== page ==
From this sketch it ought to be clear that though all the chapters deal with Wollstonecraft and Mill, and/or their reception as theorists of, and campaigners for, women's human rights, the 'thread' of the book is not wholly clear, with each chapter dealing with a disparate, though interesting, problem. There is a certain tension in the book between charting the accounts of women's human rights given by Wollstonecraft and Mill, charting the reception of those accounts, and using those accounts and experiences to make positive policy proposals for contemporary campaigners for women's human rights. At times, this is very successfully negotiated, and in a number of different ways. At other times, the advice for application is very brief, or seems disconnected from the previous discussion.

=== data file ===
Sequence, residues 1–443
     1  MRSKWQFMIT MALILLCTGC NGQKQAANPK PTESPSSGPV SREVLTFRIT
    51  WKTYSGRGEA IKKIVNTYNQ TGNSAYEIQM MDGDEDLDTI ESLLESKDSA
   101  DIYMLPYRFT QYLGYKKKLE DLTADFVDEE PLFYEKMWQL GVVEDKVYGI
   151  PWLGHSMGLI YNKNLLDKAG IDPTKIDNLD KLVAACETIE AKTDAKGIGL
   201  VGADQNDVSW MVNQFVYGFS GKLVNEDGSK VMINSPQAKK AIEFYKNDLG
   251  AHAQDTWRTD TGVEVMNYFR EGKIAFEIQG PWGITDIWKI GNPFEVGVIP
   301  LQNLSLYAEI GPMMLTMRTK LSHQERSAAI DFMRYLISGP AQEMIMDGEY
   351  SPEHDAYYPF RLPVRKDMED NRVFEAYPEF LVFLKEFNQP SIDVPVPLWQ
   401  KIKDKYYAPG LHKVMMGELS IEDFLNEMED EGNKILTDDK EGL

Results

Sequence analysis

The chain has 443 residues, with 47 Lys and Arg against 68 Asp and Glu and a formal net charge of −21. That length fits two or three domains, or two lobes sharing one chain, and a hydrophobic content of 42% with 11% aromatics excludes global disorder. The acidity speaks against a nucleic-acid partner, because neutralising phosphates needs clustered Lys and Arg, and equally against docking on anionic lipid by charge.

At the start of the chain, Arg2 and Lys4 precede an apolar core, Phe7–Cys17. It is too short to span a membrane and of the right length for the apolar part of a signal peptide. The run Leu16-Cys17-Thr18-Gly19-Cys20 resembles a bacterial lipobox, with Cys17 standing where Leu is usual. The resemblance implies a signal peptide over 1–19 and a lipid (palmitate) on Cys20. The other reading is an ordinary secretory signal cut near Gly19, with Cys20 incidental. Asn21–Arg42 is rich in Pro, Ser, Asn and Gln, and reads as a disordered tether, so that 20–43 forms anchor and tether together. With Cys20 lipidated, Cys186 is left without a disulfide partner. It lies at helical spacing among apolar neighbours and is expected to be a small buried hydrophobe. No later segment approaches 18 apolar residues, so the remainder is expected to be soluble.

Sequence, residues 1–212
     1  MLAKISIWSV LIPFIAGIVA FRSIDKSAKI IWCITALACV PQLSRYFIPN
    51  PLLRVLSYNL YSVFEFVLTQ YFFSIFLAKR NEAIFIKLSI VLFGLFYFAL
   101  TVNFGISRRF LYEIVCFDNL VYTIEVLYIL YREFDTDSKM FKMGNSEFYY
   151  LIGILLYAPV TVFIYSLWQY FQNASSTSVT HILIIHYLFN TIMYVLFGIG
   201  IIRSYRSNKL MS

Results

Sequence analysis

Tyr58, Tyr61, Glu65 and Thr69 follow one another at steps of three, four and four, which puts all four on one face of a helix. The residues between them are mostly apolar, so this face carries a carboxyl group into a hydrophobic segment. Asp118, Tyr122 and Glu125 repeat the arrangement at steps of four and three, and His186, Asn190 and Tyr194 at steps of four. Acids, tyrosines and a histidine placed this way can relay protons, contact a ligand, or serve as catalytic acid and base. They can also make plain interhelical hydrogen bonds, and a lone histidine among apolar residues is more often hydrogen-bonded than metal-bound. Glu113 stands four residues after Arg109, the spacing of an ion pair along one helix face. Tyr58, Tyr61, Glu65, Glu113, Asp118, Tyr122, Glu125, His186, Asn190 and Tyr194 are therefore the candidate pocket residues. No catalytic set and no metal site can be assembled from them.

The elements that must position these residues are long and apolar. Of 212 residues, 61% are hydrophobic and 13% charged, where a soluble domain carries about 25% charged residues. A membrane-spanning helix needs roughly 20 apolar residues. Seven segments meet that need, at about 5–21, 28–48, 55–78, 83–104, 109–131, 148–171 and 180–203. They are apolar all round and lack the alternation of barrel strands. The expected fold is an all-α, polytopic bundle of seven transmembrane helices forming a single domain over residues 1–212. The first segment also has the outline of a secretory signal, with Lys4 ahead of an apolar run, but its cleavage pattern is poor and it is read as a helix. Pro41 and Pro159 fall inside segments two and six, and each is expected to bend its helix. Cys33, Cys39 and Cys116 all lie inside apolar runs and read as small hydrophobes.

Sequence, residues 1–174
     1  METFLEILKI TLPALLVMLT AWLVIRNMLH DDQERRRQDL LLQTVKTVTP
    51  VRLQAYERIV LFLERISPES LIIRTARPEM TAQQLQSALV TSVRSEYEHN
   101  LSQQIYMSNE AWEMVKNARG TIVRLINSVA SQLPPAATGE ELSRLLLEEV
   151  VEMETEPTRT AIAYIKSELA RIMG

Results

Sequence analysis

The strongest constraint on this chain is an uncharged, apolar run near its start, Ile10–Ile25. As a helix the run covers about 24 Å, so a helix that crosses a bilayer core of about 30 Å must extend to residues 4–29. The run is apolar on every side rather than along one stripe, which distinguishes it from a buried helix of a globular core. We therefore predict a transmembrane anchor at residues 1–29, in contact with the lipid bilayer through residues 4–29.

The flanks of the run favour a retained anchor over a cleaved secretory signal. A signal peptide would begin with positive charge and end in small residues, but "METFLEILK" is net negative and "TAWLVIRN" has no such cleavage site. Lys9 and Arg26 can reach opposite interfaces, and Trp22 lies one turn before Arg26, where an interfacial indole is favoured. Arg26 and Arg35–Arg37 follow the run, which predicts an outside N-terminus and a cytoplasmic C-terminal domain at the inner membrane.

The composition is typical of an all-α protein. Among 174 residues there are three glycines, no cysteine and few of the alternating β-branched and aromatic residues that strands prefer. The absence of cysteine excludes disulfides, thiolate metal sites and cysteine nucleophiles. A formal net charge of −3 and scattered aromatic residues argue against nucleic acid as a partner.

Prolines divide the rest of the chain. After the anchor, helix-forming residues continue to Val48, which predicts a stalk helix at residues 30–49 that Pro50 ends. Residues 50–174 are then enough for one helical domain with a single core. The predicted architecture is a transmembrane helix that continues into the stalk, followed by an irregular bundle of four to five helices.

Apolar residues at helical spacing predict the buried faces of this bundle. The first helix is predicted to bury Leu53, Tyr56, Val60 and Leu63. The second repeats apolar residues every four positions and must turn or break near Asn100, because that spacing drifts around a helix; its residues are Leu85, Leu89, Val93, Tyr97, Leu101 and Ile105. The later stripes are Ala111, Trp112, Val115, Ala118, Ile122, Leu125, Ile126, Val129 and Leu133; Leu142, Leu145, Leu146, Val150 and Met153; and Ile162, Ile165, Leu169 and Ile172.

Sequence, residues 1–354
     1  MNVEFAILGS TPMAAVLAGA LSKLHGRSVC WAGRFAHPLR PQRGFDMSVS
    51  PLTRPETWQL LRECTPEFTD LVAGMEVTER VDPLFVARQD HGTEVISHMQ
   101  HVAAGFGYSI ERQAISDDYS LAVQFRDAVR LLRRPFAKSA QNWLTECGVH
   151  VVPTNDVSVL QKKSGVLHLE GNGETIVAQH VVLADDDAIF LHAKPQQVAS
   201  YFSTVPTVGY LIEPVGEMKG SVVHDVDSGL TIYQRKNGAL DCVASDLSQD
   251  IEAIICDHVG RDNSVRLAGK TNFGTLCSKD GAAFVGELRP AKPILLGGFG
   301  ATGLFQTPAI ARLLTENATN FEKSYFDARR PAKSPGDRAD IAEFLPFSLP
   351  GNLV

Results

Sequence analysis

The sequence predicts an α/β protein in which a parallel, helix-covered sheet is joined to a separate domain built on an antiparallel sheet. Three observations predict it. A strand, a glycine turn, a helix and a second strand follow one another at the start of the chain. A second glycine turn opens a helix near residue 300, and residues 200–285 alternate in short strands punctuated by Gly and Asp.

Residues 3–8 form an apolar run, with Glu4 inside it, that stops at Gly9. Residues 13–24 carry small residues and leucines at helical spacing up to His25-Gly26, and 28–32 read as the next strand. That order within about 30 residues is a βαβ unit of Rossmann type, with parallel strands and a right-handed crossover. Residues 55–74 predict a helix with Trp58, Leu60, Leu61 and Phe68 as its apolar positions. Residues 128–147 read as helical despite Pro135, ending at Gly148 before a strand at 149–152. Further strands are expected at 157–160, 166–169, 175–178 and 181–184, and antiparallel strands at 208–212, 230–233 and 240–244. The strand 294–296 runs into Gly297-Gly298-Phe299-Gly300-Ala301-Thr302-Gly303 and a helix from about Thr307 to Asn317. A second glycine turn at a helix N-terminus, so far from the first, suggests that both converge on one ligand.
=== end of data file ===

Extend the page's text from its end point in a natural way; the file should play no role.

There is no final conclusion which pulls all these threads together, in terms either of lessons to be learned from Mill and Wollstonecraft in terms of practical application or of an overall assessment of the approach of each to the question of women's human rights. Instead the book ends relatively suddenly with a mention of Malala Yousafzai and what appears to be a criticism of her as 'just another girl, with flaws like any other person', flaws which were apparently shown in her 'positioning of her politics against the Taliban, introduc[ing] a strain of antifundamentalist rhetoric into her speeches and writings, which angered her enemies' and apparently 'risked losing her hard-won image as a peacemaker who seeks to reconcile her Muslim faith with feminism, especially among fundamentalist followers of Islam' (248). One might, however, ask whether this is a 'flaw', and whether Yousafzai ought to be concerned with not 'angering her enemies', or with abiding by the expectations of fundamentalists. It certainly is true that Yousafzai's 'personal yet political predicament shows both the enduring promise and real difficulties of women's human rights advocacy', but it is perhaps verging on sentimental to suggest that such experience is a case of 'personal trial' and 'human error' 'In the school of Mill and Wollstonecraft' which enables one to 'better defend the human rights of women' (248). This ending is a shame, as the rest of book is thoughtful, insightful and illuminates women's experiences of conceptualising and campaigning for women's human rights.